The novelty of Dionysius is the separation of “an object without a body” (upbringing) along with a physical object, a “body” (stone), to use the author’s terminology. The “object without a body” (upbringing) is an idea, concept, which does not have a corresponding physical object in the universe. In the work “On the Soul“, Aristotle calls “Representations” “objects of feeling, albeit without material” [Aristotle, 1976:440], but he does not refer to ideas as objects in any of his writings. Abstract concepts - “upbringing”, “knowledge”, “relation”, satisfaction”, correctness”, “bounty”… have no direct connection with physical objects. They can be referred to as objects figuratively only on the basis of similarity with real objects. Both need a name: a concept is expressed and a physical object is denoted by a name; in other words, both a concept and a physical object are signifiers in relation to a name. By conditional unification of a concept and a physical object, Dionysius forms the concept of a “universal object”, on which he bases the definition of a name: a name always denotes an object (physical or conceptual).

Aristotle studied the structure of a concept (argumentation) in a sentence (expression) and, for this reason, he used the last two terms in The Organon with the meaning of both an expressor of an idea and an idea itself. For the Greek philosopher, both an idea and a sentence constituted logos — spoken speech [Aristotle, 1978:95]. With the definition “A sentence is an organized  group of words that denotes a complete idea” [Desnitskaya… 1980: 216], Dionysius left only one, linguistic meaning of the sentence, which expresses an idea. However, the definition of Dionysius was not a purely linguistic one; it was based on an idea (argumentation) and, for this reason, was logicistic. The influence of Aristotle’s logic teaching was so great that neither the ancient grammarians nor those of the Middle Ages were able to see the syntactic structure of a sentence beyond the logical structure. “This is how it happened - transferring a teaching on a statement (or a sentence) and its parts – the subject and the predicate – from logic into grammar”, writes Arnold Chikobava [Chikobava, 1967:13]. In addition, this “transfer” did not take place by itself and momentarily. Ancient grammar theories retain no information on the subject and the predicate, while they define the noun denoting an object, quality, and number logicistically, like Dionysius – only with a reference to an object. Interestingly, due to logicism, the definition of the noun, even in the form of the definition of the noun, had appeared in grammar before the formation of the noun in the ancient Greek and Latin languages. Indeed, it is strange that, in his “Short Grammar”, the Roman grammarian Aelius Donatus defines the name logicistically – as the noun.  “A noun is a part of speech which, by means of the case, denotes an object or a phenomenon individually or as a general concept” [Donatus, 2003:120]; then, he goes on to talk about forms of comparison of the noun understood in such a way. The confusion of the noun class and the noun shifted from the ancient grammar theories to the grammars of other languages, including the grammar in “Kalmasoba” by Ioane Bagrationi: “A name is a part of speech, denoting a substance, an object, or a person, for example, sky, country, man, horse, sage, white… A noun is classified into nouns and Adjectives [Bagrationi, 1815:37].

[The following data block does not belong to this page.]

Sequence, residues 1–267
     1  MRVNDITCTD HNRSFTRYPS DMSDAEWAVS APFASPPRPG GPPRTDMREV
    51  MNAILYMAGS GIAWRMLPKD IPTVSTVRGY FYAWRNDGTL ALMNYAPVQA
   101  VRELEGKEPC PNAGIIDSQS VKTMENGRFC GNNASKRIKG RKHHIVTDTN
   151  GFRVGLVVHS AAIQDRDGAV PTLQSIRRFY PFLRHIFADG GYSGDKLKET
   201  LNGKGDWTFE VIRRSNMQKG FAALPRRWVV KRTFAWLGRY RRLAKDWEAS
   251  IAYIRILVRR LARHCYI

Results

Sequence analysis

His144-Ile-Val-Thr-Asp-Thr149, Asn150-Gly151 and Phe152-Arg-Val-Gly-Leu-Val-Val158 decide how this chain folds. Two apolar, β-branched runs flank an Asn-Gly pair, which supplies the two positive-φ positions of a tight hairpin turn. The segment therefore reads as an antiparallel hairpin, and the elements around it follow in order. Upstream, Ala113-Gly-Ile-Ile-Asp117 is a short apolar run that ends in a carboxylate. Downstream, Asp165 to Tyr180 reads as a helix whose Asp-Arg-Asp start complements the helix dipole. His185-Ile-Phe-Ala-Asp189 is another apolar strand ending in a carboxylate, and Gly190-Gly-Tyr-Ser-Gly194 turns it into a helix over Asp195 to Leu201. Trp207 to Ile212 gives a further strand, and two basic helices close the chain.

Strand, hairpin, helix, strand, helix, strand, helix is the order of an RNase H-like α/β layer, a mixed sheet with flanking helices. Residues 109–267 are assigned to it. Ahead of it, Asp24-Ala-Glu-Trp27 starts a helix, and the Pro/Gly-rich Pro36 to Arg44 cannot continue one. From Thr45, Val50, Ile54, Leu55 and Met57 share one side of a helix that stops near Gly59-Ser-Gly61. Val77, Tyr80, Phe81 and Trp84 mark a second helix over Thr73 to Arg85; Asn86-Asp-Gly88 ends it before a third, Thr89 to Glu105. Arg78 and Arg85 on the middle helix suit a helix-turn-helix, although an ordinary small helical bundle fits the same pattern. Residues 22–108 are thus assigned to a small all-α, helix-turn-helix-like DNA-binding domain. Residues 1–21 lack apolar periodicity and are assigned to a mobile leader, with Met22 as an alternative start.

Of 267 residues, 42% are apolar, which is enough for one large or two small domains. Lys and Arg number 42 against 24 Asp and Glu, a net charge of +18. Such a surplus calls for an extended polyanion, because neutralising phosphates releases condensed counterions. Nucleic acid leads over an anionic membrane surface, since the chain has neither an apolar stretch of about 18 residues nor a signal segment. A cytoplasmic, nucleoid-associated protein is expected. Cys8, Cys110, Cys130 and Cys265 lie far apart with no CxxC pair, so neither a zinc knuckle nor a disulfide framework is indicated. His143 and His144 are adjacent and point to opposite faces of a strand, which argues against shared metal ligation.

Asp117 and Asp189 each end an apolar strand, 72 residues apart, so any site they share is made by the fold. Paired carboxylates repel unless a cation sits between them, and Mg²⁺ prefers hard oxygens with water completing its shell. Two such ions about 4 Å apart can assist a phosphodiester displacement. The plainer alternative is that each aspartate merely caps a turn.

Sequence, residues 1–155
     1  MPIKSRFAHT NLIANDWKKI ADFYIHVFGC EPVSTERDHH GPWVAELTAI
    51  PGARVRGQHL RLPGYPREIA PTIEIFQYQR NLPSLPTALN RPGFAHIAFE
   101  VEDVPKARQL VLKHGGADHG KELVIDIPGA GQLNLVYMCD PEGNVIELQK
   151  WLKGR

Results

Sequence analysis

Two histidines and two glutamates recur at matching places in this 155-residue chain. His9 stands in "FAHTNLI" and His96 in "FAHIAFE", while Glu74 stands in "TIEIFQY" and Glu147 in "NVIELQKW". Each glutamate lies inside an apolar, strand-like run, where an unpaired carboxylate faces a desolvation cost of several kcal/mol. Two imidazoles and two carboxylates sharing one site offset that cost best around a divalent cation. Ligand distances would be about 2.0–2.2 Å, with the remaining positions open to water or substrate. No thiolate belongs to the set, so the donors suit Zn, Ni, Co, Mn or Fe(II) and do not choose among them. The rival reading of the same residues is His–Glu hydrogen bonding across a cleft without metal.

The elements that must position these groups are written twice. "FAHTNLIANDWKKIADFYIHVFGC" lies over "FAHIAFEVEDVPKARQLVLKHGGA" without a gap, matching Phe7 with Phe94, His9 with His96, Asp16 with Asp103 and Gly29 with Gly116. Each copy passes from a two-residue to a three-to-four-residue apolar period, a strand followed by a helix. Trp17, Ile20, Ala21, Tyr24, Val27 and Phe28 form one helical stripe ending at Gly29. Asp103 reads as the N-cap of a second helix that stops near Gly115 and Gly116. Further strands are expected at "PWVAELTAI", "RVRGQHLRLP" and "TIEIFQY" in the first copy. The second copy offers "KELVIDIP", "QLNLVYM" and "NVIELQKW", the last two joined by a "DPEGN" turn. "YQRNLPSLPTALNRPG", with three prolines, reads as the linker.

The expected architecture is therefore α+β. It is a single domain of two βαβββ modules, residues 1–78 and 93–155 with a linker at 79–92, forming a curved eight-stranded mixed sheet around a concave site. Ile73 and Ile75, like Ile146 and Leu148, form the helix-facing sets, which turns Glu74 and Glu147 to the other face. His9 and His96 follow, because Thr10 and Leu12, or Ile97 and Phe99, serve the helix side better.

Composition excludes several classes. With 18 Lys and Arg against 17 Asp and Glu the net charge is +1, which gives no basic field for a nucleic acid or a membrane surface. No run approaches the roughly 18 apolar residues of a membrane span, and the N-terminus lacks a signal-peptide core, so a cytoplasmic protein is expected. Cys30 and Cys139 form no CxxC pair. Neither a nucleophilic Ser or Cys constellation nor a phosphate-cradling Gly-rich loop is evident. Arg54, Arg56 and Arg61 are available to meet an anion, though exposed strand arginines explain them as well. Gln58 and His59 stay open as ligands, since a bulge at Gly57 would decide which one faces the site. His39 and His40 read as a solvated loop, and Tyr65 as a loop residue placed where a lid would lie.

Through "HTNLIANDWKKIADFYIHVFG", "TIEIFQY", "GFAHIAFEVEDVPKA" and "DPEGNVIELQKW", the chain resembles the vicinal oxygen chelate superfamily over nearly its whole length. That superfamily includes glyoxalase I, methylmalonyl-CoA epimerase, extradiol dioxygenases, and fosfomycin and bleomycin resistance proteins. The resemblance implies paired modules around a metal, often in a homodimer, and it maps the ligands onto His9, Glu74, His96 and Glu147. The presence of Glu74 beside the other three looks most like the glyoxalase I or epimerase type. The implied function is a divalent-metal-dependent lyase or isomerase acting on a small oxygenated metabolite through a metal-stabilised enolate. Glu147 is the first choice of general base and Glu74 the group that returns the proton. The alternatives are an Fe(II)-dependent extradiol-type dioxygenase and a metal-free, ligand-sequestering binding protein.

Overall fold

Granted, descriptive grammar was logicistic, but it was still directed to the language. Forming a scholarly view on language required to overcome logicism. But the linguistic thought developed in another direction. The view on language, as the physical form intended for only expressing ideas, remained unchanged from the ancient age through the Middle Ages. In the course of time, it became clear that the forms and laws of thinking established by Aristotle in The Organon are universal. It was deemed true that people of different nationalities think logically and in the same manner, while they express their thoughts with language differently, which means that thinking is universal, while the language that expresses it is national. Doubts about the language as acting as the expressor of ideas emerged as early as in the ancient philosophy. In the interrelationship of ideas, objects, and noun class, Plato attached absolute importance to ideas – perpetual substances that form unilaterally determined concepts. It was considered that a physical and, thus, a changeable word could not always convey a true idea precisely. Aristotle also distrusted words due to their multiple meanings; although, according to his teaching, a sentence, not an individual idea, can be true. In the 17th century, René Descartes considered it possible to transform the natural language with mathematical principles so that every idea would become clear and simple. This philosophical assumption determines the direction of the development of the linguistic thought.